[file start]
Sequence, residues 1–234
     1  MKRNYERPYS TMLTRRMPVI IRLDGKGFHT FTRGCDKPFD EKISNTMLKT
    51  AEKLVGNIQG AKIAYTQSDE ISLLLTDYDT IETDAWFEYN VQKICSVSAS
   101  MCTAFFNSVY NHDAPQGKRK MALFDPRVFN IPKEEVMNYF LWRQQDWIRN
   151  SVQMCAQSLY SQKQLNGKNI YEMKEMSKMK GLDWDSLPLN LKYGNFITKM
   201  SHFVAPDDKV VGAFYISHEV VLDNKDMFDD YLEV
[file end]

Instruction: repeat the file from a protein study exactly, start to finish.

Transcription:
Sequence, residues 1–234
     1  MKRNYERPYS TMLTRRMPVI IRLDGKGFHT FTRGCDKPFD EKISNTMLKT
    51  AEKLVGNIQG AKIAYTQSDE ISLLLTDYDT IETDAWFEYN VQKICSVSAS
   101  MCTAFFNSVY NHDAPQGKRK MALFDPRVFN IPKEEVMNYF LWRQQDWIRN
   151  SVQMCAQSLY SQKQLNGKNI YEMKEMSKMK GLDWDSLPLN LKYGNFITKM
   201  SHFVAPDDKV VGAFYISHEV VLDNKDMFDD YLEV